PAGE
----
Industrial and Innovation Policy
Industrial policy has always attracted significant attention in Russia among the political class, business people and experts. An essential element of industrial policy is the orientation toward redistribution of rents in the economy – that is, the regular prospect of different sectors and players receiving direct advantages or benefits and political advantages in the near and long term determines the attractiveness of industrial policy to various interest groups. In periods of economic growth industrial policy was considered as an instrument of diversification of Russian economy, reduction of its dependence on oil and gas exports, and accelerated development of high-tech manufacturing and services. In crises periods industrial policy was more focused on supporting some large and systemic industries (such as automotive industry in 2009).
However, in recent years this principle has become less universal: in spite of the crisis the Russian government is making efforts to develop new sectors of the economy on the basis of disruptive innovation (under the so-called National Technology Initiative).
Of course, this is not the only factor in the appeal of industrial policy in the Russian political landscape. Industrial policy, as a rule, is conceptually accepted and understood by Russian society – which is why politicians accord it especial attention. As is established, in Russia the paternalistic roots of state policy are strong, manifesting themselves in industrial policy. All the while, current social problems are front and centre by comparison with the strategic challenges of structural rebuilding, diversification and technological development of the Russian economy.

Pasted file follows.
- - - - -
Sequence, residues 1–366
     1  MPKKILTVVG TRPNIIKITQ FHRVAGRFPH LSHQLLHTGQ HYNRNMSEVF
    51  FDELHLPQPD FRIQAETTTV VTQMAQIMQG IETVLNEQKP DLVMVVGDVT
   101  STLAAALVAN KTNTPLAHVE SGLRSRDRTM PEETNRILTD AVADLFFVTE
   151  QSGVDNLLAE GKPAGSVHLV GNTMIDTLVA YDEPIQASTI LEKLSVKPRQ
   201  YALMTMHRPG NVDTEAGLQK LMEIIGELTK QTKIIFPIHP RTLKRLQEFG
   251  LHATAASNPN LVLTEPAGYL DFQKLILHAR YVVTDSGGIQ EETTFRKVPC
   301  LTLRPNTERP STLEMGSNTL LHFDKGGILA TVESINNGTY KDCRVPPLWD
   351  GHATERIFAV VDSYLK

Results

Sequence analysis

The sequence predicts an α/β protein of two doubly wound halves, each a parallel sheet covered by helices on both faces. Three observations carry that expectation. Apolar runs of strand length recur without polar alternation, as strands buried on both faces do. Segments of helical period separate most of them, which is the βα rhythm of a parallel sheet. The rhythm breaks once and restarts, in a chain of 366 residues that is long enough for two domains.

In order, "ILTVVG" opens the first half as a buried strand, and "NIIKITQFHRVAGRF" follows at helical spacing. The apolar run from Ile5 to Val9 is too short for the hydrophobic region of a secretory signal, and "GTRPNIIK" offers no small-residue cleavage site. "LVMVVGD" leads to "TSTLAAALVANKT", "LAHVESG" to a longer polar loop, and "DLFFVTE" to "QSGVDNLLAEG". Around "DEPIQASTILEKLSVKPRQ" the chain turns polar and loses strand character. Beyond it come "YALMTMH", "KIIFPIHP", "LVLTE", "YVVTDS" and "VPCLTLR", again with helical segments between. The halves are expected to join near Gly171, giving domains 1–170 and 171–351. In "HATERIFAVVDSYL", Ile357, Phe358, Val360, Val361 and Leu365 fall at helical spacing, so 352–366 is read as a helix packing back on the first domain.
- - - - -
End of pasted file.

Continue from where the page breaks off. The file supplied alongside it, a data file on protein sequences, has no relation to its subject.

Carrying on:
The possibility of appealing to the different interests of the population (including those associated with the perception of certain sectors of scientific and technological achievements of the Soviet period as key aspects of national pride) further strengthens the position of those who develop the industrial policy. Russian society has a better perception of dirigiste principles and personalised or ad hoc management – as a sign of pragmatism and personal responsibility – than of various institutional reforms. Indeed, over the last three decades, a certain distrust of institutional reforms (the results of which are often difficult for the public to assess) has set into Russian society.
Finally, industrial policy does not have its own instruments and actually comprises the mechanisms of various other policies. In relation to this, some experts try to tie or “bundle” industrial policy of one or other design together with certain necessary reforms in order to attract attention to this for politicians and support by society. Usually, in the discussion of industrial policy measures to develop competition, support SMEs, reduce administrative barriers, attract FDI, and protect property rights are proposed.